The truth about bankruptcy
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A Trust Deed is one way for Scottish residents to deal with problem debt. Learn more here.
A Trust Deed is a formal debt solution available in Scotland. It will only be suitable for certain people, but in the right circumstances it can offer some people a way out of problem debt and the chance to build a secure financial future.
In this blog, we’re going to explain the details of how Trust Deeds works and how you can find out whether this solution is right for you.
Individual Voluntary Arrangements are available in the rest of the UK and offer similar benefits to a Trust Deed.
How can a Scottish Trust Deed help me?
A Trust Deed allows someone in debt to reduce their monthly payments to their unsecured lenders. You don’t pay your unsecured lenders individually on a Trust Deed – you pay your solution provider one affordable payment each month and your lenders receive a portion of this on a pro rata basis, at intervals throughout the Trust Deed.
A Trust Deed normally lasts for four years, and after that time, as long as you have kept to the rules of the agreement, the rest of your unsecured debts included on the plan are written off.
A Trust Deed can help someone struggling with unmanageable debts by cutting their monthly payments and then writing off the rest of their debts when it’s finished.
Is a Trust Deed right for me?
A Trust Deed may be right for you if you can afford to pay something towards your debts each month but you can’t afford to repay everything that you owe. It’s a formal way to deal with insolvency, which means that you can’t afford to pay your debts when they are due, or that your assets are worth less than your debts.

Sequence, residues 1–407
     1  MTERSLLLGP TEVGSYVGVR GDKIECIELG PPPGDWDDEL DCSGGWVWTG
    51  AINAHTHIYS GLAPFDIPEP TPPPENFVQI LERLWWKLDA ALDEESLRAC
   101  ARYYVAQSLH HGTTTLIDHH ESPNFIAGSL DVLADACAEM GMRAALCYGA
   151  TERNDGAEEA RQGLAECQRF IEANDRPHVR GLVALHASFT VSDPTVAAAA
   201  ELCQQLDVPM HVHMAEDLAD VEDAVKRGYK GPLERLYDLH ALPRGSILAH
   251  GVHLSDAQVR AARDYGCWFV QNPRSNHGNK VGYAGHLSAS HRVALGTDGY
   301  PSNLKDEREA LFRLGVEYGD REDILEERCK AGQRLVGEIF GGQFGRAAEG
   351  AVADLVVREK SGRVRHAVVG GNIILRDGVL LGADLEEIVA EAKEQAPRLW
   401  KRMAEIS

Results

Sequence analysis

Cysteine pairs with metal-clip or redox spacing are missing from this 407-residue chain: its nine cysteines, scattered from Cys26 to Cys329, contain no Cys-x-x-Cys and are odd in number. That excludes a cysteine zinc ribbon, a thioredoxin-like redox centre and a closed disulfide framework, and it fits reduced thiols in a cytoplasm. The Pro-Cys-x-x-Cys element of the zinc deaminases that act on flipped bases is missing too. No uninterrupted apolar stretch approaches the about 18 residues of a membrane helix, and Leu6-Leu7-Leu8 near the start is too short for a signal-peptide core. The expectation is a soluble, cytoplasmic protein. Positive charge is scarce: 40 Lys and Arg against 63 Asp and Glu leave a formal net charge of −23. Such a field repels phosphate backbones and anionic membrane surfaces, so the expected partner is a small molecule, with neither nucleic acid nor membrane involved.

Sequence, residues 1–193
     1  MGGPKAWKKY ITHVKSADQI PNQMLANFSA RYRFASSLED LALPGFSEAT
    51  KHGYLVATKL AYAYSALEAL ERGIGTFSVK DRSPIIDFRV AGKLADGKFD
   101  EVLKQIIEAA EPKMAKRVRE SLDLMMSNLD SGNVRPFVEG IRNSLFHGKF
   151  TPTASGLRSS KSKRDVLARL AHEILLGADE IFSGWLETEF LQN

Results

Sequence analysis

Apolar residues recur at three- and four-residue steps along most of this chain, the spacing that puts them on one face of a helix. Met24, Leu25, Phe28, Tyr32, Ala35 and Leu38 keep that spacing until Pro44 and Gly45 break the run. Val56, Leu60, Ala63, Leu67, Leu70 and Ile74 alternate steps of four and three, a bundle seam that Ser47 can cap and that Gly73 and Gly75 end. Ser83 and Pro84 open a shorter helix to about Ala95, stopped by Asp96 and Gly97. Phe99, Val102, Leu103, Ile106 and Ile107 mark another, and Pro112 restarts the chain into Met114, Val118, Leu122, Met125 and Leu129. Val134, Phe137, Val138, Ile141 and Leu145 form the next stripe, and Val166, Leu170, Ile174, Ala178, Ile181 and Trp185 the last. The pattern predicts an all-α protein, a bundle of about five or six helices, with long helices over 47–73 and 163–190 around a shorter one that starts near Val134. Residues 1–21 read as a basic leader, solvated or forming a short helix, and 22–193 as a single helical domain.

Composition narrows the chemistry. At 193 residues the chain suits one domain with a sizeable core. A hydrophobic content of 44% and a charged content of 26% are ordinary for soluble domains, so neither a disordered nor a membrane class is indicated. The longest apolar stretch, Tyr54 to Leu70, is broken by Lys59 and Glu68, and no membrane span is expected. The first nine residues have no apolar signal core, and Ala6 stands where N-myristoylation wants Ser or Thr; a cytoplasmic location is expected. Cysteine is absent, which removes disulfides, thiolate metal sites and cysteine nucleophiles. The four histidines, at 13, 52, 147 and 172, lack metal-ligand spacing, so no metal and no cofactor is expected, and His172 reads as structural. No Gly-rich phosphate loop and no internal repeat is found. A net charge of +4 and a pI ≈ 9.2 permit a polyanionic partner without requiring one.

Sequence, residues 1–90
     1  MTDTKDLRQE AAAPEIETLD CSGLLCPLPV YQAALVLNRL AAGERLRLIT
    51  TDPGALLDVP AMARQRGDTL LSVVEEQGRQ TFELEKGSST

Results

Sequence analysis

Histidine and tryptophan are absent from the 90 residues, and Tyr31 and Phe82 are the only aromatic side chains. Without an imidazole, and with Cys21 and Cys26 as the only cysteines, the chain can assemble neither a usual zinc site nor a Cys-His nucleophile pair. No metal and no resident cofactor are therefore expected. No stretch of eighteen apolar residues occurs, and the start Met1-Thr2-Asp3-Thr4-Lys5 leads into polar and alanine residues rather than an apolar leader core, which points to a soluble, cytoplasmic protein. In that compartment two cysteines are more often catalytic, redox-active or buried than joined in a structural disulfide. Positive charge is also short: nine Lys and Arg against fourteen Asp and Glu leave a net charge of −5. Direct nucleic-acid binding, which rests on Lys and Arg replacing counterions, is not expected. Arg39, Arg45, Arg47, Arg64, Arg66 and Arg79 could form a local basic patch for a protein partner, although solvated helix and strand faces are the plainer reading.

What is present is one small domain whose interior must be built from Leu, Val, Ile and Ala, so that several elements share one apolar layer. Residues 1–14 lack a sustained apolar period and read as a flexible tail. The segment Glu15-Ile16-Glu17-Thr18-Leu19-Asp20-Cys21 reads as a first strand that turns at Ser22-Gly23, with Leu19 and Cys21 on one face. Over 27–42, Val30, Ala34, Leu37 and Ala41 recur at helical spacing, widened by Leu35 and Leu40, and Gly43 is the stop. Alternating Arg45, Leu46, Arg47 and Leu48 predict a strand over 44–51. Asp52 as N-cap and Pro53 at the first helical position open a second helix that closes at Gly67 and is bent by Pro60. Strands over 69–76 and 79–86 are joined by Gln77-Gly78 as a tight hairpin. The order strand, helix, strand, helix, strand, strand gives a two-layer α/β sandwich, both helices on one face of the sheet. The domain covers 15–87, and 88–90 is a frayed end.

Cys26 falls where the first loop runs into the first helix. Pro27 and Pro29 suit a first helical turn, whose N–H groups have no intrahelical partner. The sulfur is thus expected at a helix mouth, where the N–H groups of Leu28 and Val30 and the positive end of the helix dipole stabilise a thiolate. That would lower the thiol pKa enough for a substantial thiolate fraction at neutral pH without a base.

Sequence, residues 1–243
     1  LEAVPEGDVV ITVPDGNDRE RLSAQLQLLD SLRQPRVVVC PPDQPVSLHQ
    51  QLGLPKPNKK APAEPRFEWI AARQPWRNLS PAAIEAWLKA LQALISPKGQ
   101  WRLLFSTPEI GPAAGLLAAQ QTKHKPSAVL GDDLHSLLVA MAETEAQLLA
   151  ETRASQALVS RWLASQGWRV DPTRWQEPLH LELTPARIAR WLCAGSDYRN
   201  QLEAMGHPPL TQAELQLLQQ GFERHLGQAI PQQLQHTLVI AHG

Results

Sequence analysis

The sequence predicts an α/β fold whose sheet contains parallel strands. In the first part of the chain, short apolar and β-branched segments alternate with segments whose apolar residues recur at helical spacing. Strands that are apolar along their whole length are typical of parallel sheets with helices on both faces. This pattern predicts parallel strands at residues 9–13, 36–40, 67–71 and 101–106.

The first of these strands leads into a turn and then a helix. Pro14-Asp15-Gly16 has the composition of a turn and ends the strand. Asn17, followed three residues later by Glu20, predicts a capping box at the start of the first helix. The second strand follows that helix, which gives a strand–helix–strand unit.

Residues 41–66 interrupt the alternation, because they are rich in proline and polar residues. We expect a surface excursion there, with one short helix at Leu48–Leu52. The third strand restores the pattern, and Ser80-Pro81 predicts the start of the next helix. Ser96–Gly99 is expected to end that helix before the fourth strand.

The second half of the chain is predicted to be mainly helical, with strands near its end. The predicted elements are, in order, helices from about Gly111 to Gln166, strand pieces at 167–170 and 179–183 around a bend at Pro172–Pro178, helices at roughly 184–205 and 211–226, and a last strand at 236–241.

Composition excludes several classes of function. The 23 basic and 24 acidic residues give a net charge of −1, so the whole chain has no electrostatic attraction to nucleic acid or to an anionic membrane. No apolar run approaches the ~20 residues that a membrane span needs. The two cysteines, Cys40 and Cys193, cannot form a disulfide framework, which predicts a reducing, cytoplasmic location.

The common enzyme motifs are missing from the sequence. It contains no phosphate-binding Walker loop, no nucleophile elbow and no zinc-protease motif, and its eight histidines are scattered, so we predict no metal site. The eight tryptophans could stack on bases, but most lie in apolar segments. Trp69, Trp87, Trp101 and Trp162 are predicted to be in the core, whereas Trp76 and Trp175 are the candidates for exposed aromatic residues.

You need to be able to put something towards your debts each month with a Trust Deed. If you can’t afford to do this, another solution may be more suitable for you.
A Trust Deed may also be right for you if you’re a homeowner, as starting this solution will not result in you having to sell your home, as long as you comply with the terms of your Trust Deed. You may have to remortgage and release the equity so this can be put towards your debts, or if you can’t do this, you may have to continue your payments towards the Trust Deed for up to another 12 months. All the rules surrounding equity release will be explained to you by your solution provider.
A Trust Deed won’t be right for everyone, and if it isn’t right for you there will be another way to tackle your debts. You can read more about the other debt solutions, or you can take our money smart report below.
The report will show you what’s going on with your finances at a glance and which debt solutions you can consider.
Are there any downsides?
There are upsides and downsides to all debt solutions. One thing you need to remember is that a Trust Deed will have an impact on your credit history. Your credit history shows how you’ve managed your debts and starting a debt solution will show up on here.
This means that if a lender or service provider credit checks you, they will be able to see you’ve been on a debt solution. This may decide not to lend to you, provide a service to you or borrowing may become more expensive than it otherwise would have been.
It is possible to improve your credit history after a debt solution, have a look at our previous blog to find out how to do this.
A Trust Deed is a formal way to deal with insolvency, and all insolvencies are recorded on the Register of Insolvencies. This is a publicly available register and will record your details for however long your debt solution lasts and for three months afterwards. Although it is public, it is mainly used by creditors and people actually involved in the running of your solution.
Get help with your debts
Now you know what a Trust Deed is, the next step is for you to speak to a debt expert so you know whether it’s the best option for you. You can do this by contacting one of our advisors using the options at the bottom of the page. There are fees for some solutions once they’re up and running but the initial advice we give is always free of charge.
by Christine WalshBack to blog home